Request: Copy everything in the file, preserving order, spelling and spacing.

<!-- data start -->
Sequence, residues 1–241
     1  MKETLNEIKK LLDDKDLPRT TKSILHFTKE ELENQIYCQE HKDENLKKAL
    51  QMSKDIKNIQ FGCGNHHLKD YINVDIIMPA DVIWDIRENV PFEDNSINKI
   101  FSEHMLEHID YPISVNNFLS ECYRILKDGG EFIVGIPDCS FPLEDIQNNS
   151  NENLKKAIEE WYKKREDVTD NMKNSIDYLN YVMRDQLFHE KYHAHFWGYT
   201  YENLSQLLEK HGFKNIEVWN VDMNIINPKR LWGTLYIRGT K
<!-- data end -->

Sequence, residues 1–241
     1  MKETLNEIKK LLDDKDLPRT TKSILHFTKE ELENQIYCQE HKDENLKKAL
    51  QMSKDIKNIQ FGCGNHHLKD YINVDIIMPA DVIWDIRENV PFEDNSINKI
   101  FSEHMLEHID YPISVNNFLS ECYRILKDGG EFIVGIPDCS FPLEDIQNNS
   151  NENLKKAIEE WYKKREDVTD NMKNSIDYLN YVMRDQLFHE KYHAHFWGYT
   201  YENLSQLLEK HGFKNIEVWN VDMNIINPKR LWGTLYIRGT K